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In Serbia, a new era and new social contract are emerging

Thomson Reuters Foundation - Tue, 8 Jan 2013 20:07 GMT
Author: William Infante
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By William Infante

 Belgrade, 9 January 2013—When I was first posted to Serbia in 2001 with the US Agency for International Development (USAID), the country and its people were still shaken and scarred by years of conflict. Returning in 2009 to lead the United Nations presence here, I was deeply impressed by the swift and substantive progress that was so tangibly under way.

 Belgrade had new trams and buses, neighborhoods and parks had been refurbished, and efforts to consolidate democracy, build a more inclusive economy, and establish credible mechanisms to fight corruption were well under way.

 Those efforts are expanding continually, and the Government has made tremendous strides in supporting some of its most vulnerable citizens. With UN Development Programme (UNDP) support, Serbia has over the last decade adopted laws to better protect the disabled—about 10 percent of the population—quadrupling the number of disabled people who found jobs in the year 2009-2010.  

 Serbia’s human development indices, reflecting a basket of indicators such as years of education and lifespan, are rising steadily, and a recent Gallup poll found a jump in the number of Serbs classified as “thriving.”

 Life is getting better, to be sure, but more than 25 percent of the working age population is unemployed. The new government’s principal task in 2013 is to support job creation, in an economy hit hard by the global financial downturn.

 In the all-important sphere of governance and rule of law, Serbia now has its own Ombudsman, who has already addressed thousands of complaints, a Supreme Audit Institution that has conducted dozens of probes, a Public Procurement Office that is reducing risk and vulnerability, and a freedom of information agency that is spearheading free speech and citizen engagement.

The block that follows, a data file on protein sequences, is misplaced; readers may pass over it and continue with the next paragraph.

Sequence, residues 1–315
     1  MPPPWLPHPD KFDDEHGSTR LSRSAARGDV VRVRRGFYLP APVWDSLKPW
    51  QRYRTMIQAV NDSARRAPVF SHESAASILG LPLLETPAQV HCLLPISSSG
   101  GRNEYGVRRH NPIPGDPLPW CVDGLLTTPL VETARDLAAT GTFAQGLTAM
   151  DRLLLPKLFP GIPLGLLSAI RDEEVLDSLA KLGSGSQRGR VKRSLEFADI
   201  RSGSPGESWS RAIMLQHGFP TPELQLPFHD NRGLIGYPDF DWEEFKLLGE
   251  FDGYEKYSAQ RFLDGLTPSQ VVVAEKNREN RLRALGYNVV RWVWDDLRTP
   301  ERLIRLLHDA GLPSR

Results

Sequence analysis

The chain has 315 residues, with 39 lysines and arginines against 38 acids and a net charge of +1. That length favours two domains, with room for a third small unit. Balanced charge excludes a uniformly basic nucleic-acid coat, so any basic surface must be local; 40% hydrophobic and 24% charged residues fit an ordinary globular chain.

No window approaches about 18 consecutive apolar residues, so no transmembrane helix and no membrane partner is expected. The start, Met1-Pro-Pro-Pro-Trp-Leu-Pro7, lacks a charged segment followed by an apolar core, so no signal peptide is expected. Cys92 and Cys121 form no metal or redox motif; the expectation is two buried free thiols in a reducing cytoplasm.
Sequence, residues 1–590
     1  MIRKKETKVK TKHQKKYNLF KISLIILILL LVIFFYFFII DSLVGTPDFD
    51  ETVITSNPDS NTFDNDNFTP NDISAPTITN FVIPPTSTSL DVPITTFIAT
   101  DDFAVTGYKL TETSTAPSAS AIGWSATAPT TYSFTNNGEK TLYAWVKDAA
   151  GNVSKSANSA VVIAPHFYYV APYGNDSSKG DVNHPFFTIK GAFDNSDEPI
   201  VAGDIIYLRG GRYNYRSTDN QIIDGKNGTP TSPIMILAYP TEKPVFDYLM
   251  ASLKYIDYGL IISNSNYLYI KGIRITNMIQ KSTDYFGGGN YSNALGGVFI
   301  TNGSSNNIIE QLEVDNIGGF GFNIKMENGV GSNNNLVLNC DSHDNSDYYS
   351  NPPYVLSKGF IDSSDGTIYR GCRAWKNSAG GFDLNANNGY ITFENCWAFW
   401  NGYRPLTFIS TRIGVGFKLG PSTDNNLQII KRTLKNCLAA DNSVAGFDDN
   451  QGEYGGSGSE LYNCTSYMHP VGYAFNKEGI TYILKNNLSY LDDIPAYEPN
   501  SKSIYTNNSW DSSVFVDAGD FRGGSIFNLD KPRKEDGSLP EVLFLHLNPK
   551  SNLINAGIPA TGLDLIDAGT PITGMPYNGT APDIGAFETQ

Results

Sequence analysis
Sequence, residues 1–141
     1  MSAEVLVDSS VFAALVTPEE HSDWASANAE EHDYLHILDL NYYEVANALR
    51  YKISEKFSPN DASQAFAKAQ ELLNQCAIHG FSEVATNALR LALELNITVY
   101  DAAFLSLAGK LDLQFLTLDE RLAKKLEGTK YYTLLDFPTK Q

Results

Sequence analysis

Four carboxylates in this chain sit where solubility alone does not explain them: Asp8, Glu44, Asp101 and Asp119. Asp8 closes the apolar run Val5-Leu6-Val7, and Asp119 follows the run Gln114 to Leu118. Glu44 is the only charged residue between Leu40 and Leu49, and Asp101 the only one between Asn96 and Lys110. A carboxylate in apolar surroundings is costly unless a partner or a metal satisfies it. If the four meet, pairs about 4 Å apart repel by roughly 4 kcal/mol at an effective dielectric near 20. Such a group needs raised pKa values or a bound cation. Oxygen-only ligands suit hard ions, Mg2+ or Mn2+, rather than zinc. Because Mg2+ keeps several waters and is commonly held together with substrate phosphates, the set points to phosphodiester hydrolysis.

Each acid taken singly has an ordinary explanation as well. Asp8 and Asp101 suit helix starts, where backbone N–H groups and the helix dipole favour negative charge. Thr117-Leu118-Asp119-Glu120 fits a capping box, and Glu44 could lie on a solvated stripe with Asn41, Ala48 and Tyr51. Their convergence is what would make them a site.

These and other agencies are crucial to building a stable framework for well-functioning, transparent, and accountable democracy that protects and defends human rights and guarantees rule of law—shoring up the domestic social contract as well as international confidence in Serbia as a reliable partner in diplomacy, commerce, and investment.

 Serbia must further strengthen political, social, cultural, and economic ties. But it has meanwhile emerged as an increasingly powerful source of security and stability in the region, contributing scores of peacekeepers to international forces, fighting organized crime, collecting and destroying some 100,000 illicit and unregistered firearms, and integrating women in the military and police forces.

 Large and growing numbers of officials now proclaim “zero tolerance for corruption.” Ministries are moving to adopt individual anti-corruption strategies known as integrity plans, and dozens of investigations have opened since the new government took office barely six months ago.

 UNDP is notably implementing initiatives to promote transparency—training and certifying thousands of procurement officials. UNDP also supported training for close to two dozen auditors at the Supreme Audit Institution.

Parliament is engaged in more robust review and scrutiny, and its Speaker, Nebojsa Stefanovic, is spearheading a new initiative with UNDP to strengthen parliamentary oversight of spending. These and other governance initiatives aim explicitly to promote accountability, reduce vulnerability and risk of loss, and build the credibility and legitimacy of state institutions.

 The way forward is clear. Serbia is writing a new narrative of its own, reinventing itself as a guarantor of regional security, an advocate for integrity and rule of law, and a protector of human rights. Its membership in the European Union is a goal within reach.

 William S. F. Infante is the UN Resident Coordinator in Serbia



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